Watch a funny video story

Local Point TV is also playing another one of my stories - a funny personal story.


Local Point TV is playing my story

Have you ever wondered what I might sound like?

Even though the lighting is cruel I am letting people know that Local Point TV is playing a part of my September performance at Speakeasydc. The first part of the set is this folktale, The Bride of the Lindorm King. The second part is a personal story that relates to the folktale which they cut. Sorry you won't hear the funny parts.

You can listen and watch my story here

Hope you enjoy the story.

There is an earlier video that is funny if you want to hear more. Just check out Localpointtv.com - go to performances - speakeasy and scroll through to my name.


I Am Still A Real Southerner

Two weeks ago I made the mistake of checking in at the John Blair Publishers website. They specialize in North Carolina and other things southern. I was tempted. I succumbed. Ordered this stack of books about "what it is to be a southern woman."

Its my periodic "fix" to prod my memory of stories that may be lurking right there but my brain is slow on the "search" fields.

When I order from a company I can't resist checking them out. You know "who works there" - like I might possibly know somebody. Not that it will get me a discount or anything. It just makes me feel more connected.

What do you know! The marketing guy's name was "sparrow". John Blair Pub. is in Winston-salem, NC. I know one person who lives in that town - well, my aunt lives there too, but she doesn't count, she doesn't even answer her phone. Oops, another story.

One of my high school classmates, Warren Sparrow, lives in Winston-Salem. Could it be? I shook my head. Waited a minute and then hit this "sparrow's" email.

A quick note. "Know anyone from the Class of 1954, Charlotte Central High School?"

Within the hour young sparrow wrote back. "my father."

Ah. Life is good. 6% of separation proved again. I felt connected. John H. Blair and I have a special relationship.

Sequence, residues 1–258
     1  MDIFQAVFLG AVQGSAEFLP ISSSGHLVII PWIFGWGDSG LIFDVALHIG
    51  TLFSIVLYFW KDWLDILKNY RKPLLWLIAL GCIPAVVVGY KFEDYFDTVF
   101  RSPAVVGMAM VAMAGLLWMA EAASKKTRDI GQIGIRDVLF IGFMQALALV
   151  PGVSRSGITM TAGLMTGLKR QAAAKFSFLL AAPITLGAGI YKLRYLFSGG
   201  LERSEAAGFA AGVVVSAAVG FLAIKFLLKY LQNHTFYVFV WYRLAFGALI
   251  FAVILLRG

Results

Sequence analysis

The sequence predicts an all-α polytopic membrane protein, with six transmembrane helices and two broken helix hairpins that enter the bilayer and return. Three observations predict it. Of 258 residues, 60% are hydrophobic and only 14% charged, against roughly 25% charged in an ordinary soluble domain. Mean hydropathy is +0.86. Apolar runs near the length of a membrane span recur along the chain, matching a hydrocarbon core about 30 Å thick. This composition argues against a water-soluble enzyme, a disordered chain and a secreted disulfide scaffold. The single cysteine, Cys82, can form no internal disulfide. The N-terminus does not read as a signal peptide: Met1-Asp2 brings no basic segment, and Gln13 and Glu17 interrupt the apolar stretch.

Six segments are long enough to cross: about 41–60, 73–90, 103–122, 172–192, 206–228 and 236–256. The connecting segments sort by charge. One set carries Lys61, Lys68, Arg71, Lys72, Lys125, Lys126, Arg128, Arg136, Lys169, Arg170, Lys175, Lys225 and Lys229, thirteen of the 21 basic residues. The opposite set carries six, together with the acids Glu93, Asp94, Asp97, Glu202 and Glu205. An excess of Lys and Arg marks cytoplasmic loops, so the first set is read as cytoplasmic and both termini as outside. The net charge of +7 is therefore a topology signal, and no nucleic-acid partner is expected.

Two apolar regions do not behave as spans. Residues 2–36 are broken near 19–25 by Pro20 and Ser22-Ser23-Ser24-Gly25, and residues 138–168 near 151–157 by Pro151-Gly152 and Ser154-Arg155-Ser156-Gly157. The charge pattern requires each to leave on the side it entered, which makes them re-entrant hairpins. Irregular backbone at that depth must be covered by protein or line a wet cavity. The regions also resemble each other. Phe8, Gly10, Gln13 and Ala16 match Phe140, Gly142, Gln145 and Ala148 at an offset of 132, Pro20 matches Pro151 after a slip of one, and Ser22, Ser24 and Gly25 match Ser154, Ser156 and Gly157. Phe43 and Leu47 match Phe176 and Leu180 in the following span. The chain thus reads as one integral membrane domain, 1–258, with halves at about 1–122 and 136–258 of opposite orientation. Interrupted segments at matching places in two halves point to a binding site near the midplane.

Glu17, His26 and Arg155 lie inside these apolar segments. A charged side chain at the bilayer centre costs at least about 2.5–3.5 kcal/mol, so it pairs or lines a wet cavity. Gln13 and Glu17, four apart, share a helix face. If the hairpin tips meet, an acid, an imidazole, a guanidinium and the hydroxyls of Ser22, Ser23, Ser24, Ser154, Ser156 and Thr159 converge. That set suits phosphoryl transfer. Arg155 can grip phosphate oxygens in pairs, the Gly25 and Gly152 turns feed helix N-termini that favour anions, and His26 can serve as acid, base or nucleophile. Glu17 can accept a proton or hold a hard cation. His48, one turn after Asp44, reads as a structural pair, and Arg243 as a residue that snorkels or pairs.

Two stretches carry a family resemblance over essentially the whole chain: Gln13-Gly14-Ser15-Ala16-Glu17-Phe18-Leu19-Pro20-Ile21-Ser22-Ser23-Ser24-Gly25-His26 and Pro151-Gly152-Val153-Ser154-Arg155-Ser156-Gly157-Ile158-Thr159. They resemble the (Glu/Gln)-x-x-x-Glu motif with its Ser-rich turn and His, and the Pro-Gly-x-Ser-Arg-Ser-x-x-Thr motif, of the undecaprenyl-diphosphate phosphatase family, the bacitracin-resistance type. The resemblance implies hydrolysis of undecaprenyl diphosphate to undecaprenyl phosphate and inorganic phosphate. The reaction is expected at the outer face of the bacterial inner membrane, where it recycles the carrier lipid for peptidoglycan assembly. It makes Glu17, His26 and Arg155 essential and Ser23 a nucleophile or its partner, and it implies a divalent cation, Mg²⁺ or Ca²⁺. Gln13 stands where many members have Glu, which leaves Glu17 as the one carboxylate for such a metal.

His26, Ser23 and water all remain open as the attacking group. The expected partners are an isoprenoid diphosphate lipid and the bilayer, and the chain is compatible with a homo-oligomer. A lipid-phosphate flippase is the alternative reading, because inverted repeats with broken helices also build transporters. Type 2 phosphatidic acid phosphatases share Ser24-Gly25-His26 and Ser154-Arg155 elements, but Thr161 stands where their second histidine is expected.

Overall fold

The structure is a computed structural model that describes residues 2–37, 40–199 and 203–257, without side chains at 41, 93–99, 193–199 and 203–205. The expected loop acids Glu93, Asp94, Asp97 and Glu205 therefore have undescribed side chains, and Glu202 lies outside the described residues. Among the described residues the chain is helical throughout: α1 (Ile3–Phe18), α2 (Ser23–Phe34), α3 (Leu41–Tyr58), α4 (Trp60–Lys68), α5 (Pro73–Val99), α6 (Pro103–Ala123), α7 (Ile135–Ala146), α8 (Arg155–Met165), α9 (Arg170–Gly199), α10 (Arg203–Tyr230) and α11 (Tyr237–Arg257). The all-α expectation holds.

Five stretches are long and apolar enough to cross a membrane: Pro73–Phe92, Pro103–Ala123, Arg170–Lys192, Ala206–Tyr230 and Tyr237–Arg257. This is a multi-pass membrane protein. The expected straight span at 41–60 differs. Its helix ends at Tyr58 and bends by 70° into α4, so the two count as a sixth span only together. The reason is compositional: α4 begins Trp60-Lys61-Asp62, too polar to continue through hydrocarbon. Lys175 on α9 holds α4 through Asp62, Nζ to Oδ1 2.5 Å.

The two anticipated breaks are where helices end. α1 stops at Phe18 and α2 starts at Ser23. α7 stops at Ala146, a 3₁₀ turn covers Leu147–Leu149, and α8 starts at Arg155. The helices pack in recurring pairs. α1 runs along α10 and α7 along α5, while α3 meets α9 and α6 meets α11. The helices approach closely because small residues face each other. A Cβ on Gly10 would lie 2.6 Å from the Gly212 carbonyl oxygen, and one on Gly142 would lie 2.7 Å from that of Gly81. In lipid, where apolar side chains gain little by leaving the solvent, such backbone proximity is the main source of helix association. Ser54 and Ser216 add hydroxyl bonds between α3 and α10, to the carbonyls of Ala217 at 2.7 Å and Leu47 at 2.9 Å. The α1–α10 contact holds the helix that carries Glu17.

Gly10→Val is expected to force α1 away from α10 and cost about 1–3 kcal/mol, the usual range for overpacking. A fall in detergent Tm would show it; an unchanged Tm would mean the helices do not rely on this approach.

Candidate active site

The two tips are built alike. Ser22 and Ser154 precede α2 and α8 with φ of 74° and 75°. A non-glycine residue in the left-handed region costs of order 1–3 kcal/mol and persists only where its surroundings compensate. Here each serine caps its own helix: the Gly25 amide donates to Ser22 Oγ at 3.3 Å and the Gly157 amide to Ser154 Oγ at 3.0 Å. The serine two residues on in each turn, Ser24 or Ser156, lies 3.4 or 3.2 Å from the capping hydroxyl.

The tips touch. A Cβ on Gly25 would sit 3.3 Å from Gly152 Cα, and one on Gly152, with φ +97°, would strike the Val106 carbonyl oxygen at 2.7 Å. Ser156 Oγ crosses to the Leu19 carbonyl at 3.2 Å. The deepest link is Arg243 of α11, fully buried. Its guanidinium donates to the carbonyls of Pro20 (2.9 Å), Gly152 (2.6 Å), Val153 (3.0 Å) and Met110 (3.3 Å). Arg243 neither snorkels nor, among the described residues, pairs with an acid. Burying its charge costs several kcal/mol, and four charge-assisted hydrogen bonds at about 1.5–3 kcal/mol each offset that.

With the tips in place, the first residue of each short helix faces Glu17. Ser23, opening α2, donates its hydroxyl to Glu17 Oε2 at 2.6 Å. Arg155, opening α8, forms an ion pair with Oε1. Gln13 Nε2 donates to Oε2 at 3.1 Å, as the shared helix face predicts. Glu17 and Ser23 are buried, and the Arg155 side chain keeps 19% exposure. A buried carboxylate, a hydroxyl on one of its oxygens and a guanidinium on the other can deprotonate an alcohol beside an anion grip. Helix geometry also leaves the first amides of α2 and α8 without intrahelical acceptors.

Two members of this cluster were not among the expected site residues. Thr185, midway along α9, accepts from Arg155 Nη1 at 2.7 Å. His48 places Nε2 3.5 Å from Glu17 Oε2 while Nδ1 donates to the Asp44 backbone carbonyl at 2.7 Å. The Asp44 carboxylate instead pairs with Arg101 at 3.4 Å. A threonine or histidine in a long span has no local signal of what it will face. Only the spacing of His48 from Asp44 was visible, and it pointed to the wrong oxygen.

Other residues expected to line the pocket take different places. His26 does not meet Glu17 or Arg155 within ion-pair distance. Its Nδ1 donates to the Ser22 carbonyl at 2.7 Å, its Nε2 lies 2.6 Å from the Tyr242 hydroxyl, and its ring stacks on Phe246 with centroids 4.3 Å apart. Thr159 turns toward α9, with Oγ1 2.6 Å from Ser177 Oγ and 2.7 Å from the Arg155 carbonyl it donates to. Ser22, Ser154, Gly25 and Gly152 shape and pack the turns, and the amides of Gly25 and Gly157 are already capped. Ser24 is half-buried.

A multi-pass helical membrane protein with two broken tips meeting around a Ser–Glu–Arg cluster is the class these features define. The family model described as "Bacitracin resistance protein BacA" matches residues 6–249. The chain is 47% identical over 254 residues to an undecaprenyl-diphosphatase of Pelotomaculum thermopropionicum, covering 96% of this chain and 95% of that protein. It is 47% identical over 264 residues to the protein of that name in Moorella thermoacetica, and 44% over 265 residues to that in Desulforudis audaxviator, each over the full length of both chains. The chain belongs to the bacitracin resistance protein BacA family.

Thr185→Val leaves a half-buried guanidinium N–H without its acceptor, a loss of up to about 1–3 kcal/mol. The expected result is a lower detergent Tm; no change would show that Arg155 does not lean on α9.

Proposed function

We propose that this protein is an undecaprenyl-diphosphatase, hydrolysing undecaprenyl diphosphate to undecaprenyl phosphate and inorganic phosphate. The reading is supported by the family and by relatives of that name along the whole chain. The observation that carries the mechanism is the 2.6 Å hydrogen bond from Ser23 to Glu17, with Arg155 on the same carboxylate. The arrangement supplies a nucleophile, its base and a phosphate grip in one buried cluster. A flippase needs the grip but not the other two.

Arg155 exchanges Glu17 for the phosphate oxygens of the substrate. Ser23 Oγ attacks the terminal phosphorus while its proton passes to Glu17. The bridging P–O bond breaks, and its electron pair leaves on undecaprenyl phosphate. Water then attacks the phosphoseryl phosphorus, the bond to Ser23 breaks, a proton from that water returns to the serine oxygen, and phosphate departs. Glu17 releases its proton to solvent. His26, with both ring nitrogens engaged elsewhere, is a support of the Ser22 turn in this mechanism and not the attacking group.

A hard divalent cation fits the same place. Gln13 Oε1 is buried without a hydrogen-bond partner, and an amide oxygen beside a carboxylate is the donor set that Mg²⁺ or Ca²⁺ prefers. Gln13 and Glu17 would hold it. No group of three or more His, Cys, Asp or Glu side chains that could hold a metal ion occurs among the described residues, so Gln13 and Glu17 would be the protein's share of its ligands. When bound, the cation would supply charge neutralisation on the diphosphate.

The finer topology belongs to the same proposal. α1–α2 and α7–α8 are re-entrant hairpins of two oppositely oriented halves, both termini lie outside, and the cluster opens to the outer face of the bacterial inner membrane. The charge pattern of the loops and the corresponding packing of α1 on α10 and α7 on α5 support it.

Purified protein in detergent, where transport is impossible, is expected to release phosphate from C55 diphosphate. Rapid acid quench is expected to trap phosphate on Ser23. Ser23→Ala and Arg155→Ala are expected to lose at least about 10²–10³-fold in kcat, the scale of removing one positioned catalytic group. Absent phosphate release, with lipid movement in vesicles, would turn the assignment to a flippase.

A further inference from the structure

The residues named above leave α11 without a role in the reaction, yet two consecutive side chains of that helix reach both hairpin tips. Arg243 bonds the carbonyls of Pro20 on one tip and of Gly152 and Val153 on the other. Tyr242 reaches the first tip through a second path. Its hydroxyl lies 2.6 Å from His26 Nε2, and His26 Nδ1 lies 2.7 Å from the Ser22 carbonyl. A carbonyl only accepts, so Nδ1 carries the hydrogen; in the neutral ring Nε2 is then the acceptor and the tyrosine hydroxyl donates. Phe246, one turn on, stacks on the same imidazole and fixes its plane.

Southerners - real southerners - understand.

TIP: Always ask the question.


Where's the Bee

Remember Where's Waldo? well, Where's the Bee in this photo. No prize - just your satisfaction in knowing you found it.


More About Names - a story connection

Recently I wrote about the first day of school and included a memory of the year I changed my name. It did not work out.

I remember the year I was going back to Piedmont Junior High School in the eight grade. Thirteen years old. You know how you can feel desperate for a new start when you are thirteen. So, when school started - I changed my name.

The first day of class when my home room teacher asked my name I told her it was "Hester" - go figure - this was my new start?

I don't know where that came from. Since I wanted a life-change why didn't I pick something glamourous like Rita or sweet and cute like Judy. Hester calls up images of Nathanial Hawthorne - like harsh, freezing winters and tall, gaunt, and austere women. Its time for the truth - my choices have always been a little off.

Now, I was not changing schools. I was returning to the same school - under a new name. Everyone except the new teachers knew my name was Ellouise. I was Hester to two teachers and Ellouise to everybody else.

The game was blown for good on parents night when Mama explained to the those two teachers that she have never named a daughter of hers Hester.

So much for my new start. Or maybe, I should be thanking my mother for saving me from myself.

Well, at the Williamsburg Storytelling Festival storyteller, Onawuni Jean Moss told a story of how she went about changing her name when she wanted to reinvent herself as a storyteller. Her re-invention has certainly been a success. And as she told the story I saw where I had gone wrong.

She did not just pick a name from a book and tack it on. She called a colleague at Amherst College and asked him for a ceremony from the African traditon which would select the right name for her and endow her with her new name.

I was caught by the beauty of that. Not just reading a list of names but looking for a name that would speak of the gifts she had been given and those she had to give.